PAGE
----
My encounter with ‘Cat person’ occurred at a crucial moment in its social media circulation; just after the initial distribution began its wane into oversaturation, but before any coherent object of critique had appeared to take place of the text itself. Its mentions on my various timelines were equal parts celebratory and dismissive, each post asking and answering for the story’s expertise, most defensive against an assumed inevitable backlash.
I couldn’t really get through it on my first reading, unable to extend much patience for the flat prose and gestural characterisation. I skimmed through, noting only the clichés and problematic descriptions, resonating with its conclusion less as craft and more as quotation of the daily harassment shared by femmes on pages such as tindernightmares and thefleshlightchronicles. On Facebook, I had been reading comments from friends, colleagues and strangers celebrating the story as a narration of universal womanhood, praising its nuanced subjectivity and critique of toxic masculinity. On twitter, I joined a conversation with other Australian women writers of colour and culture, where we discussed our uneasiness with the narration, our lack of those sentiments of relatability, our distance from the wave of praise. Although some of us had had bad sex with white men, none of us had experienced it as a white woman. ‘It’s who these two characters are that allows a story like this to be written and received the way it has,’ wrote Maxine Beneba Clarke, who located her discomfort not in the relationship at the centre of the narrative, ‘but because of the uninterrogated middle-class whiteness.’
As a young Aboriginal woman working in literature, it’s not within my disposition or critical practice to give texts the benefit of the doubt. ‘Cat person’ is a story I would have left as not being intended for me in the first instance, like Girls or Taylor Swift, had not much of the online literary community pressed it as such an important and relatable narrative. On second reading, I took more time and care to detect the wry tone, the ironic voice of the narrator consistently stepping away after every line of dialogue signalled another trait of Robert’s ambiguously intentional emotional manipulation, the deft handling of Margot’s masturbatory narcissism when she eroticises Robert’s projected self-loathing to distract her own disgust, and Robert’s demands for her performance of victimhood to become the neutral state for their engagement.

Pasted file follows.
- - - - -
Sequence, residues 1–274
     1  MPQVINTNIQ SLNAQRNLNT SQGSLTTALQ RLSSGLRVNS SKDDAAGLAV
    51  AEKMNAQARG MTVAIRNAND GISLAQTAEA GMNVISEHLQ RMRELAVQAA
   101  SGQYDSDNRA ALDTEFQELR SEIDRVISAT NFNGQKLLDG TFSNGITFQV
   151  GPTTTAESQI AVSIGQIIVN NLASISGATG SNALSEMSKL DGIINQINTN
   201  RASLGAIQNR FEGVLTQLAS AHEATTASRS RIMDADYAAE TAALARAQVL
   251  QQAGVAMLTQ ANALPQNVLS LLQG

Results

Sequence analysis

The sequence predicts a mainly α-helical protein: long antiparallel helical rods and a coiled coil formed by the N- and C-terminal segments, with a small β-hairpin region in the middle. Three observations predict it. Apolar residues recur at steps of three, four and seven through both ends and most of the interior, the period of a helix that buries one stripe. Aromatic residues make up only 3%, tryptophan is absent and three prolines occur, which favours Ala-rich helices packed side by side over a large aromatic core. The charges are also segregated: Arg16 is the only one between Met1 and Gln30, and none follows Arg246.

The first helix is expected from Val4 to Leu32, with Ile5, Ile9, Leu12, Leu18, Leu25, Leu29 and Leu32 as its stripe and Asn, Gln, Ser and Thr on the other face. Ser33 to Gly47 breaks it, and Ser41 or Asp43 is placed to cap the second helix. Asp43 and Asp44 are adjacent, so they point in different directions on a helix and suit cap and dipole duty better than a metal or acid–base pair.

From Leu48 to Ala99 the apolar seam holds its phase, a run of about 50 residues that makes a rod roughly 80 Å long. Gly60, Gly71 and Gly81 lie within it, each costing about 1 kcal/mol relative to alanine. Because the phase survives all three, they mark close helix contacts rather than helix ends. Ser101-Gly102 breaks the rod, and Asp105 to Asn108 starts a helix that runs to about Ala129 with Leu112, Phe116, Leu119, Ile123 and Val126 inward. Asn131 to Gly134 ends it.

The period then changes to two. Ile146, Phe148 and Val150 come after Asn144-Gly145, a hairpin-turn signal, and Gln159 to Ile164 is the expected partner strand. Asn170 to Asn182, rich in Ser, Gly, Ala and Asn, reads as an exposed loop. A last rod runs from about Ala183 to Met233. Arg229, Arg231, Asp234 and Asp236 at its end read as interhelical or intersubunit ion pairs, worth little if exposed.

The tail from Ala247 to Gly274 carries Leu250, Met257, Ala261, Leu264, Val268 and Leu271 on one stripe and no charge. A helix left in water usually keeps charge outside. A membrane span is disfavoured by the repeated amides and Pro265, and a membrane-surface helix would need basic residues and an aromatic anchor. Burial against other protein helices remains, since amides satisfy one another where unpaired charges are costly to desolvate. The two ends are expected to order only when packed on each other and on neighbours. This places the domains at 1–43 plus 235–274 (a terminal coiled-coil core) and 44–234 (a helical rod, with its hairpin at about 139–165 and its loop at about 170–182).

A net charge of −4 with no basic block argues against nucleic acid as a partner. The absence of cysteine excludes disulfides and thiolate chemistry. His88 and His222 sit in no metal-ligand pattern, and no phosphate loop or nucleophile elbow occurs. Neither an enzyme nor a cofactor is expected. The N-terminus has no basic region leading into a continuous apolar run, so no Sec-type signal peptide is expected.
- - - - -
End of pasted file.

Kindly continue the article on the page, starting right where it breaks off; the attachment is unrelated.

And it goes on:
Still, I found myself frustrated as the author told me explicitly how to dislike both her characters, and how to interpret the social conditions acting upon their interactions in both body and text. I cringed at the compounding descriptions of Robert’s weight as a stand-in for his unlikeability, a problematic already highlighted by writers such as Catherine Bouris and Roxane Gay, and riled against the gentrification implicit in references such as ‘the artsy movie theatre downtown’ and ‘the student ghetto’, which become stages for ethical challenges to the date-appropriateness of a Holocaust film and the ease of subverting drinking laws. As the author states in her interview with the New Yorker on the piece, the text is intended as a commentary on the signifiers we use to symbolically codify those we encounter both in body and online. By bringing forward tropes of the sexually but never socially empowered femme, ironising the captivity of the Electra complex as typified by Françoise Sagan and Sylvia Plath; updating the object of their simultaneous desire and disgust as a gestural but never demonstrated David Foster Wallace fuckboy; and signalling the terms of their interactions through contemporary feminist politics but without any further indication of class or racial concerns, the author presents an emotionally nuanced depiction of two people who, through media saturation, I know but don’t care about, relating to each other as illusory types ultimately predicated on the assumption of white neutrality. I am tired of endless stories endlessly negotiating the structural but more-so symbolic power struggles of middle class white men and women which can so easily become canonised where non-white stories do not.